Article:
Space Force has the kind of pedigree that should make for truly entertaining television. Brought to you by Parks and Rec co-creator Greg Daniels, and The Office’s resident micromanager, Steve Carell, Space Force is part office comedy (if you think of the military being run like a giant office with a ridiculous budget), part satire of our current political era. It has an impressive stable of actors and writers, and a lot of money to back up the exercise.
But satire is notorious for being the most difficult type of comedy to write effectively, and there’s a reason for that—you can’t create effective satire without knowing precisely who you are offering critique of, and why they deserve that critique. And while you would think that Space Force had the easiest job of all on that front, it turns out that no one was quite prepared to give us the scathing irony its subject matter required. And that’s a problem.
Space Force follows the trials of four-star general Mark Naird (Carell) as he becomes the man in charge of the newest branch of the U.S. military—Space Force, created to put “boots on the moon” because… well, that’s what the current President wants and that’s what he gets. Though no one is name-dropped (aside from a parody version of Alexandria Ocasio-Cortez), it is very clear who and what Space Force is attempting to deride, namely the current presidential administration and its desire for supremacy in all things.
But its very first episode undermines its ability to engage with that subject matter in any consequential or significant way.
One year in, and Space Force needs something to show for the billions of dollars being funneled into its guts. Naird is supposed to direct a few members of Congress to the launch of the Epsilon 6, a satellite that will “tangle” with enemy satellites using a great big metal net. There’s only one problem: The humidity conditions aren’t right for a space launch. Space Force’s chief scientist, Dr. Adrian Mallory (John Malkovich) is certain of this fact, and keeps trying to undercut the launch plans to his general’s dismay. Naird thinks to launch a different project called the Yellowjacket, but a test run explodes on the launchpad.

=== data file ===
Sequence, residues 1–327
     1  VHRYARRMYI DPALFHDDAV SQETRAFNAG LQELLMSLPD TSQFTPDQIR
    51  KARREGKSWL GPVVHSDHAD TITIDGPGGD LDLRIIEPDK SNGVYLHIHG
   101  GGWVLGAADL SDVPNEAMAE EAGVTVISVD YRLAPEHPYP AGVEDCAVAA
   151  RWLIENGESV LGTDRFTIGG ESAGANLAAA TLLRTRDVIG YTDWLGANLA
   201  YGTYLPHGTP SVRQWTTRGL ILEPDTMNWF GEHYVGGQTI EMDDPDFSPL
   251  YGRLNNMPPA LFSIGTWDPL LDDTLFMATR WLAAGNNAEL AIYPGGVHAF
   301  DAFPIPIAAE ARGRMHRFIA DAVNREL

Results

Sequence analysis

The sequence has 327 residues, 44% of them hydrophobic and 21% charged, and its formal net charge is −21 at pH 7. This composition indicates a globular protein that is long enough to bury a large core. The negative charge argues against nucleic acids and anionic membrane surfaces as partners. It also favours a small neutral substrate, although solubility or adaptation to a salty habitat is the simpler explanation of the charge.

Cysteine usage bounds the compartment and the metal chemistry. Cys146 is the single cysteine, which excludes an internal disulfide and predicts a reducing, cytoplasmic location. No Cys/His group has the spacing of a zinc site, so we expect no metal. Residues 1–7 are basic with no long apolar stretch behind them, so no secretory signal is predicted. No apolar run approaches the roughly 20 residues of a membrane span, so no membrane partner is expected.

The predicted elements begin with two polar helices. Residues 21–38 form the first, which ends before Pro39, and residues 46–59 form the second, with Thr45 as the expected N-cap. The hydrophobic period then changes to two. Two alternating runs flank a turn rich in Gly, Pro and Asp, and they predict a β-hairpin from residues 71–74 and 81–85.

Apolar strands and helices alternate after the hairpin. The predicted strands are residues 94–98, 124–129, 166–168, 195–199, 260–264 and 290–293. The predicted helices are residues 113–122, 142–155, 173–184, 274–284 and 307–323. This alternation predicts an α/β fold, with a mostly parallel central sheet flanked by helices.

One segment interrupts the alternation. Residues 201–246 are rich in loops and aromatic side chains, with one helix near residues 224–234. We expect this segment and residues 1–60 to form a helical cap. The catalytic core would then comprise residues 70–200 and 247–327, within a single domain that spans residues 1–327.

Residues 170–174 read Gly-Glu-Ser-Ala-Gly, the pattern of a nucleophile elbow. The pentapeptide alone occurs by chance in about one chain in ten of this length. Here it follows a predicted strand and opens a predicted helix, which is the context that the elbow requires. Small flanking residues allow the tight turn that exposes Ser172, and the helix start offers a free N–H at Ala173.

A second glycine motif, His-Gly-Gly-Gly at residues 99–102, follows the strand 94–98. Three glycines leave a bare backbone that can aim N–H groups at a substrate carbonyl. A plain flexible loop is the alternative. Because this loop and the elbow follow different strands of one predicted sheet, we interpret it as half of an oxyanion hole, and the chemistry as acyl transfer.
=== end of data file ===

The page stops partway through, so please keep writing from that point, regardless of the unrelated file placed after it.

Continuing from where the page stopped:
Mallory insists that Naird talk to his scientific team, so he gathers them together to elucidate why they shouldn’t send Epsilon 6 up in front of the Congresspeople. Dr. Chan Kaifang takes it upon himself to explain how humidity conditions affect fuel burn on a rocket launch. Naird casually asks Chan where he’s from. (Because, you know, if he doesn’t agree with the four-star general, he must be a Chinese spy.) He then notes that Dr. Chan has an umbrella tucked behind his back—Chan assures him that it’s not a samurai sword and asks if he would like to inspect it, which he ignores. The only person who agrees with Naird that they should go forward with the launch is a random maintenance worker named Eddie (who refuses to give his last name).
Naird’s career is on the line here, and he cannot afford a failure. He heads back to his office, does a silent dance to The Beach Boys’ “Kokomo” to psych himself up, and tells the Congresspeople that the launch will go forward as planned. That evening, he gives a speech where he calls America “the oldest democracy in the world,” presses a big red button (while Mallory presses the real button), and launches the rocket. They lose contact with the visual, but Epsilon 6 makes it into space, and Naird has made Space Force look at least semi-viable to government officials. Our protagonist has won the day, despite his multitude of naysayers.
Later on, Dr. Mallory and Naird are hanging out on the general’s porch having a drink in celebration, and Mallory thinks to ask how Naird could have possibly known the launch would work when he knows nothing about science. Naird insists that his real skill is knowing people: Dr. Chan had an umbrella with him when there was barely a cloud in the sky. “People like that can’t handle any risk at all,” he says. “There’s no way we are getting back to the moon with that kind of thinking.”
At face value, this trope can be a beautiful thing, and I’m often swayed by it the same way everyone else is. Understanding people is labelled as a “soft skill” that is often overlooked in corporate (and military) settings, and could stand to be applauded more often. And when it comes to humanity’s propensity for risk-taking as a positive factor, as Captain Kirk once famously said, “Risk is our business.” We should be proud of the risks we take when the goal is the betterment of life for those around us. We should celebrate our desire to push farther and be more in the face of adversity. We should enjoy the possibilities we unearth by refusing the simplest answer to any given question. But this trope has its limits. And the problem is, in this specific case, this line of thinking directly undermines the premise of Space Force and everything it should aim to critique.